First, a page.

# Is electric field, like gravitational field, an analog of acceleration?

By Newton's laws, the acceleration of an object depends on the force acting on it and its mass by $$\frac{\vec{F}}{m} = \vec{a}$$ and the gravitational acceleration is defined as $$\frac{\vec{F}_{\text{grav}}}{m} = \vec{g}$$ so that the gravitational field can be interpreted as the acceleration of a massive particle.

I also learned that an electric field can be defined by the force (from the field) acting on a charge: $$\frac{\vec{F}_{\text{elec}}}{q} = \vec{E}$$ This equation looks similar; can electric field can be thought of as the "acceleration of charge" acting on point charges (only, because the field ignores neutral particles)?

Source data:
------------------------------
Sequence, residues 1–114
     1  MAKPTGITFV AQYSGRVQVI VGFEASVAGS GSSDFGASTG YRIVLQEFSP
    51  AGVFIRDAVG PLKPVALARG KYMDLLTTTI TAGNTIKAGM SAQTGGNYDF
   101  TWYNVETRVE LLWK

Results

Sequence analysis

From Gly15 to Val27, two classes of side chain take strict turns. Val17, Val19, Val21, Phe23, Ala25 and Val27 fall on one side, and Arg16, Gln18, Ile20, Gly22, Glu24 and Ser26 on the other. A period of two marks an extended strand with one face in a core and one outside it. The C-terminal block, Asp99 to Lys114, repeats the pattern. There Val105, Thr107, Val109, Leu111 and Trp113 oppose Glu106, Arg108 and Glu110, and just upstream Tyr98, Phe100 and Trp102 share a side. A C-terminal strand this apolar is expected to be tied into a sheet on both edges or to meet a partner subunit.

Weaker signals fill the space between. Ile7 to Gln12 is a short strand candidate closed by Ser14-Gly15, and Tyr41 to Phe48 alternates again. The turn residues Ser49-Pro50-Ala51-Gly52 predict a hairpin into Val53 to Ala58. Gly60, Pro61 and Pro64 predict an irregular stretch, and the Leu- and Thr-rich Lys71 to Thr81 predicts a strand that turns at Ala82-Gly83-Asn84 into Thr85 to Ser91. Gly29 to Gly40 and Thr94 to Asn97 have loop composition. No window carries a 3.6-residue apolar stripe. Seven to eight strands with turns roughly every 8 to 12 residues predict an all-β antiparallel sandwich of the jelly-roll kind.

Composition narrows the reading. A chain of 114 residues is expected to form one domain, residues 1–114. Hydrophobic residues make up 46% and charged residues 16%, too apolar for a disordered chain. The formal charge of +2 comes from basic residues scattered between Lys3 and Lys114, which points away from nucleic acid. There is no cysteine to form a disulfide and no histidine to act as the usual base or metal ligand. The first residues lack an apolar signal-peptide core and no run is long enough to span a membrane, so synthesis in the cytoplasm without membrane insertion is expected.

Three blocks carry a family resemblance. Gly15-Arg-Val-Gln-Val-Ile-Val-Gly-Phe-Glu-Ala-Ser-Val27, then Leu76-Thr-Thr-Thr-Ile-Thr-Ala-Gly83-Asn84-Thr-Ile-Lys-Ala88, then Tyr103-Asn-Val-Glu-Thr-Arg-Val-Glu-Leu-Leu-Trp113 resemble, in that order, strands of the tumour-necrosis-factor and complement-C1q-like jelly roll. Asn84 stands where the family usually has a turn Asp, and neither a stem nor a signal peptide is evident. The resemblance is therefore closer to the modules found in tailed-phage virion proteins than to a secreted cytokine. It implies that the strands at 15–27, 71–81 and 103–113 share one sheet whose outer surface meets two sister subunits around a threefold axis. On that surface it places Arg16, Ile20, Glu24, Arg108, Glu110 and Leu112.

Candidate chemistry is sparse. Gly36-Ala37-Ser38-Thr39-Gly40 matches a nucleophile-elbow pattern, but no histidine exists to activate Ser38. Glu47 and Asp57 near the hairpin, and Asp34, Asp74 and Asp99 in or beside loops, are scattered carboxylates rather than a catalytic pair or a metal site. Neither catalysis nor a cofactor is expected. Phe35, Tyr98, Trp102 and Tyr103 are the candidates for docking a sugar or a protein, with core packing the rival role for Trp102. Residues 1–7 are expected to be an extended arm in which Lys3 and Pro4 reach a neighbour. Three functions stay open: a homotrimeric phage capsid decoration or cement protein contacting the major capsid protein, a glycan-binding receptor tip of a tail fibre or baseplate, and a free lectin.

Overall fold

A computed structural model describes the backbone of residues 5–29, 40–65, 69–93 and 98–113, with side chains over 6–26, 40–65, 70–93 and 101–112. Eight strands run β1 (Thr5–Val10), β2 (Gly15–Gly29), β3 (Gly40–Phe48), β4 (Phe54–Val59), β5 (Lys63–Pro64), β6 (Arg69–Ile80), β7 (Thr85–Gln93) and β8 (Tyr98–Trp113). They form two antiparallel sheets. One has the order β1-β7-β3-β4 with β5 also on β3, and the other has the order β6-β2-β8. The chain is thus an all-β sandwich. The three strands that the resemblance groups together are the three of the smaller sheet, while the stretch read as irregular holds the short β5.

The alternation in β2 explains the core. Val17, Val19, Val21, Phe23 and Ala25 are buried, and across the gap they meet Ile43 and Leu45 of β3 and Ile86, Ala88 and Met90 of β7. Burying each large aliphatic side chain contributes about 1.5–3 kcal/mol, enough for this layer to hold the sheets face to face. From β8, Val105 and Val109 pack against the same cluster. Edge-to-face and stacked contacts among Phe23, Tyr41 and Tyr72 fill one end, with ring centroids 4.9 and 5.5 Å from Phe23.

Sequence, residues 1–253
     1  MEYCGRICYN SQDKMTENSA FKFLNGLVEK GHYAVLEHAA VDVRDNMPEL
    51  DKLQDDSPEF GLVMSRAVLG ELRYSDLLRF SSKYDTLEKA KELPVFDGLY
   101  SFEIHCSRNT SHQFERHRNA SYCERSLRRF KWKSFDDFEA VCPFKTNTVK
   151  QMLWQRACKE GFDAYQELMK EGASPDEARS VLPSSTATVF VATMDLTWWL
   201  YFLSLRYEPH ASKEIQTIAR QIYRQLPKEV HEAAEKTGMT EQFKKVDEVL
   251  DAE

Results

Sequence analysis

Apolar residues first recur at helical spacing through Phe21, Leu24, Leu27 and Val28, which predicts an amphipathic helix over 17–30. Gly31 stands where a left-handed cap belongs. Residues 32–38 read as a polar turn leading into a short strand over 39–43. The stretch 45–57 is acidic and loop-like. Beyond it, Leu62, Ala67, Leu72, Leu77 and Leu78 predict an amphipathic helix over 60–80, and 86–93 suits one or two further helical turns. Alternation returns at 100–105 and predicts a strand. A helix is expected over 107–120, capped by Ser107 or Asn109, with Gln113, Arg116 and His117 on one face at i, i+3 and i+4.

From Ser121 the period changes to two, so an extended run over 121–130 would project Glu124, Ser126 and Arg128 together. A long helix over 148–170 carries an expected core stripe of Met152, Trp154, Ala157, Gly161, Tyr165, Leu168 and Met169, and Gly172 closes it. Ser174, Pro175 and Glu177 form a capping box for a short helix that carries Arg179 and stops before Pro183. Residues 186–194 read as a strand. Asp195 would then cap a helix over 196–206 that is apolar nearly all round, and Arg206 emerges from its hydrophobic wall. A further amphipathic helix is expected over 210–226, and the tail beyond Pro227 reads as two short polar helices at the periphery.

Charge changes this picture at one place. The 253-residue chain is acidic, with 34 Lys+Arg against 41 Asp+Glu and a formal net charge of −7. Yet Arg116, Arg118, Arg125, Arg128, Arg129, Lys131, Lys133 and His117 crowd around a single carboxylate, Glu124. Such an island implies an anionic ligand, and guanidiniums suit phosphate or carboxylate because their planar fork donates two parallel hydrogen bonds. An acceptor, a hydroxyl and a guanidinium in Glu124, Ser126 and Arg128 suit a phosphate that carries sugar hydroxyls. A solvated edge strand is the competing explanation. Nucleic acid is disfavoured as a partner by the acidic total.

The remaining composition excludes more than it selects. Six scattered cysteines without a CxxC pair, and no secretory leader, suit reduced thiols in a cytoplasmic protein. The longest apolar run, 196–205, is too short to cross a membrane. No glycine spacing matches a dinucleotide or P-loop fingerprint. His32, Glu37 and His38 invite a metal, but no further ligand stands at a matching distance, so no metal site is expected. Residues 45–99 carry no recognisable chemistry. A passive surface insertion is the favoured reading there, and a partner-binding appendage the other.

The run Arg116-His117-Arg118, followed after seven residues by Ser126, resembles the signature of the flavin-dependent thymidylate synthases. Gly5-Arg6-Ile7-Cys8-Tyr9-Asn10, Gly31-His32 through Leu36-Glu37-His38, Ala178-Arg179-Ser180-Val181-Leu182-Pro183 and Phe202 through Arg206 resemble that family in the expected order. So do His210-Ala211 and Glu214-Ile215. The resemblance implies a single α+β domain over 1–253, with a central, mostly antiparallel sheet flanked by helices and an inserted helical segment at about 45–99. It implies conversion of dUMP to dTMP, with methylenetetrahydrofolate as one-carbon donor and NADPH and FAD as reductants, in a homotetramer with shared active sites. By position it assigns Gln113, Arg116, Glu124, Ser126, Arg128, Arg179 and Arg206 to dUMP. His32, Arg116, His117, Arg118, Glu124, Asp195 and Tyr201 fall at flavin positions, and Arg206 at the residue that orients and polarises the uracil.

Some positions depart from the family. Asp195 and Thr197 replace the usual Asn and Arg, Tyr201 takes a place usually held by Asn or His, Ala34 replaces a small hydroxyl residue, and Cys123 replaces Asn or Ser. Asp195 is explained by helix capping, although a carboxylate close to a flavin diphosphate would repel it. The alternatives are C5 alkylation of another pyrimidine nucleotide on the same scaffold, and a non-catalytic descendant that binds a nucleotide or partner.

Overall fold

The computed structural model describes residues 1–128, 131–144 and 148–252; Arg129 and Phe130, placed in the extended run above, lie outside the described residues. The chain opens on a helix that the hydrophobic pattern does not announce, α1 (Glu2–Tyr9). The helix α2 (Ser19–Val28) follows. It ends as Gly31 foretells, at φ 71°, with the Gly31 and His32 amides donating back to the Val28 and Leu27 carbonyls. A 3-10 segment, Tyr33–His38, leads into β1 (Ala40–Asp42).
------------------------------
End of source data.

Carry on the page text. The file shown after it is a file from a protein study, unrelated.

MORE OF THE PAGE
Kind of! In the case of gravity, where $F \propto m$, the quantity $F/m$ is constant, so all objects fall with the same acceleration. This is a hint that gravity is really a geometric phenomenon, as shown in general relativity.
However, in the case of electromagnetism, we instead have $F \propto q$, so the acceleration is instead proportional to the charge to mass ratio $q/m$. Since this quantity is different for different particles, it precludes a geometric description of electromagnetism.
• great, thanks for the distinction of $q/m$ – khaverim Jan 27 '17 at 2:21